However, if the Consultant failed to attend an important site meeting, provided incorrect advice, gave an incorrect recommendation which was then acted upon, failed to give advice that should have been given, took action that was inappropriate, or failed to warn of risks in relation to action he proposed, then he will not be acting with the requisite reasonable care and skill.
The dividing line can be a slim one and the question of whether a Consultant acted with reasonable care and skill is often the subject of expert evidence. To be on the safe side, Consultants should always follow generally accepted practice in their area of specialism, or if there is no such generally accepted practice, Consultants should act in the way that a reasonable body of like professionals would act in order to avoid falling foul of clause 21.2.
Clause 24: Subconsulting
24.1 If the Consultant subcontracts work, he is responsible for Providing the Services as if he had not subcontracted. This contract applies as if a Subconsultant’s employees were the Consultant’s.
24.2 The Consultant submits the name of each proposed Subconsultant to the Employer for acceptance. A reason for not accepting the Subconsultant is that his appointment will not allow the Consultant to Provide the Services. The Consultant does not appoint a proposed Subconsultant until the Employer has accepted him.
24.3 The Consultant submits the proposed conditions of contract for each subcontract to the Employer for acceptance unless
- an NEC contract is proposed or
- the Employer has agreed that no submission is required.
The Consultant does not appoint a Subconsultant on the proposed subcontract conditions submitted until the Employer has accepted them.
A reason for not accepting them is that
- they will not allow the Consultant to Provide the Services or
- they do not include a statement that the parties to the subcontract shall act in a spirit of mutual trust and co- operation.”
Under Clause 24.1, the Consultant can subcontract aspects of his work if he so wishes, but if he does subcontract, he will be responsible for providing the Services as if he had not subcontracted.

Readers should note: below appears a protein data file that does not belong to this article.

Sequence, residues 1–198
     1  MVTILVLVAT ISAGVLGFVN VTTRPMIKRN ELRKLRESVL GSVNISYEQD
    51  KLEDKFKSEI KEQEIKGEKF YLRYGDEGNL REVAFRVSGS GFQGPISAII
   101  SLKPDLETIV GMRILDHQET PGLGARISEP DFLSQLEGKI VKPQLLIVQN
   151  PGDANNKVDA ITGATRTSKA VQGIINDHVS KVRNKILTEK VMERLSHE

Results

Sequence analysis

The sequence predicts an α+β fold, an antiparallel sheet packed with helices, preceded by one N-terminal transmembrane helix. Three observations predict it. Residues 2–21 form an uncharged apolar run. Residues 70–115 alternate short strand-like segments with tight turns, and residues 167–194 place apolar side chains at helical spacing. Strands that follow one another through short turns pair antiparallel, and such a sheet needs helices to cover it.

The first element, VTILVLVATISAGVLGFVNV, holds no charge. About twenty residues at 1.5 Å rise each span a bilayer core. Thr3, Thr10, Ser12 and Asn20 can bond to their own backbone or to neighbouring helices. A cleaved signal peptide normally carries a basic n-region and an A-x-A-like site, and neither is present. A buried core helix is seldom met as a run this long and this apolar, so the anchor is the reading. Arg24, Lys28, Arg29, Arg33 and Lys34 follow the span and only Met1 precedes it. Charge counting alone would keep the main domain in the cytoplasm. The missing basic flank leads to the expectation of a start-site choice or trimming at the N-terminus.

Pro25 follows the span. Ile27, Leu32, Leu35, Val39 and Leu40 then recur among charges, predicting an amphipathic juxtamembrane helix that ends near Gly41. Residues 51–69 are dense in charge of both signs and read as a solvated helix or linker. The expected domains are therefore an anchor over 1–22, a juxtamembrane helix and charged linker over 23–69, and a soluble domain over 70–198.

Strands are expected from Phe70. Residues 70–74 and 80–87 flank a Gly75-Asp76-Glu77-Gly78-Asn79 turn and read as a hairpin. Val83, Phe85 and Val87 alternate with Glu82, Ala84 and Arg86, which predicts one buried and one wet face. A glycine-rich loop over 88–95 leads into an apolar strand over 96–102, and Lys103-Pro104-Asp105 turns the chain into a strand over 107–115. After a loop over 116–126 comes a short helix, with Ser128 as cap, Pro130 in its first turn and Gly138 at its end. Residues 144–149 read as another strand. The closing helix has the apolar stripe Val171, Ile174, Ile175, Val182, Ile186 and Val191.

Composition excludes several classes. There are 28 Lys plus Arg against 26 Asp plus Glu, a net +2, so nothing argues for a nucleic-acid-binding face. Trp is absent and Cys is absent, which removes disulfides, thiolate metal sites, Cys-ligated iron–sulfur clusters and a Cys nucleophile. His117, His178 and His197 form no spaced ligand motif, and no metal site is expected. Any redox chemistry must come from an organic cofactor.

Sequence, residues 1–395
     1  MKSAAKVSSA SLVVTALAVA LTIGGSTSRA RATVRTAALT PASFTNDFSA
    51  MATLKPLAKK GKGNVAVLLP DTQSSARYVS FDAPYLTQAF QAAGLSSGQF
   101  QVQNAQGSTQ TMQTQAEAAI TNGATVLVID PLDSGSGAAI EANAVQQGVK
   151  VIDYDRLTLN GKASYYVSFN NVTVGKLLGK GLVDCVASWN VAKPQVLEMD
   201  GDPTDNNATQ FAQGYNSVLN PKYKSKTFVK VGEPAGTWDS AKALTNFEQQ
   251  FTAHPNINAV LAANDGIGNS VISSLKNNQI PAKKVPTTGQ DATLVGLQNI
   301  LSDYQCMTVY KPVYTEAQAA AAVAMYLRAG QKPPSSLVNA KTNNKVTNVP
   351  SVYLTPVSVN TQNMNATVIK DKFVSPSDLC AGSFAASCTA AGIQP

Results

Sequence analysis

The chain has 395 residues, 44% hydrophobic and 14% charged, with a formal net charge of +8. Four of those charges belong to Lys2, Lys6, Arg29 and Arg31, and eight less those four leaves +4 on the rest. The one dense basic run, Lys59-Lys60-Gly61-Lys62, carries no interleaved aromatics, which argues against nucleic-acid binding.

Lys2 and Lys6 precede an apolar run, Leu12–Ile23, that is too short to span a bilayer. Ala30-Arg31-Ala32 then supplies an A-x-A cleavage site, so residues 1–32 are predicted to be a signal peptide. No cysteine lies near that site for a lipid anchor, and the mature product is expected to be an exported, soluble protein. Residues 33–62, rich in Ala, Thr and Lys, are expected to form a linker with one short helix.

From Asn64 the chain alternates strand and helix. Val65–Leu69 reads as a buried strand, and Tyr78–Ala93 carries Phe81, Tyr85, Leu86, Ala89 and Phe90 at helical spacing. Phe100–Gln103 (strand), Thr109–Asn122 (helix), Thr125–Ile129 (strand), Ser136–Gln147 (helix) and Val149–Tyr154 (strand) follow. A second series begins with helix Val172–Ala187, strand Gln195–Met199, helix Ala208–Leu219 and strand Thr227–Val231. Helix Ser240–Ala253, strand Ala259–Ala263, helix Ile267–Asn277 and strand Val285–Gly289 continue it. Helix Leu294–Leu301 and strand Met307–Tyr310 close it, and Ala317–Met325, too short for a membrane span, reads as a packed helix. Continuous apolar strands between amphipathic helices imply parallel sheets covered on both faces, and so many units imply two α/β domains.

Consultants who subcontract should therefore take care over the drafting of their subcontract. The subcontract should also be NEC3, be drafted back- to-back with the main contract, and should contain sufficient warranties and indemnities to protect the Consultant’s position in the event of negligence on the part of the subconsultant for which the Consultant will be liable under clause 24. So acting will also cover clause 24.3 in part.
Clause 24.2 requires the Employer’s approval for the subconsultant proposed by the Consultant, which approval should be granted unless the appointment will not allow the Consultant to Provide the Services. Because the parties are required to act in a spirit of mutual cooperation under clause 10.1, it may be difficult for the Consultant to decline to provide information to the Employer in relation to the proposed subconsultant if the Employer so requests. It is likely that it will be difficult for the Employer to withhold approval unreasonably, as to do so may render him in breach of clause 10.1. This would be particularly the case if, for example, the Consultant needed to use a subconsultant with a specific area of expertise without which he would not be able to provide the Services. If a subconsultant is likely to be required, Consultants should obtain the Employer’s approval as early as possible if delays on site are to be avoided.
This is because clause 24.2 prevents the actual appointment of a subconsultant until such time as the Employer’s prior approval has been obtained.
Clause 25: Other responsibilities
25.1 The Consultant obtains approval from Others where necessary to Provide the Services.
25.3 The Consultant obeys an instruction which is in accordance with this contract and is given to him by the Employer.”
Clause 25.1 has wide-ranging consequences for the Consultant as it requires him to obtain all necessary consents from third parties for the provision of the Services (other than those which appear in the Scope that have already been obtained by the Employer).
These consents may include, for example, planning permission, any party wall act consents that might be required, and any access permissions. Some of these consents, such as party wall act consents, could conceivably also be the responsibility of the lead designer, and Consultants should therefore double- check that all necessary permits and approvals, precisely who is to obtain them and by when, are set out very clearly in the Scope.
On the face of it, clause 25.3 provides the Employer with carte blanche to require the Consultant to do anything he wishes, but this is not how the clause operates in practice, as instructions should relate back to one of the other express clauses of the contract.
If Consultants do not consider the instruction to be in accordance with the contract, they should reserve their position and comply with the instruction without prejudice to their contention it is invalid. They should then invoke the dispute resolution procedures to seek to recover any money they have expended in relation to the instruction by way of a compensation event under clause 60.1(10).
As can be seen from the above, the Employer’s key obligation is to provide information, and the Consultant’s key obligation is to provide the Services in accordance with the Scope.
It is essential that both the Employer and Consultant properly understand all their respective obligations under the Professional Services Contract (particularly as regards the Scope and Services), so that they are in the strongest possible position to proactively address any issues that might arise. Not all contracts are alike, and it is essential to read, understand and follow each individual contract.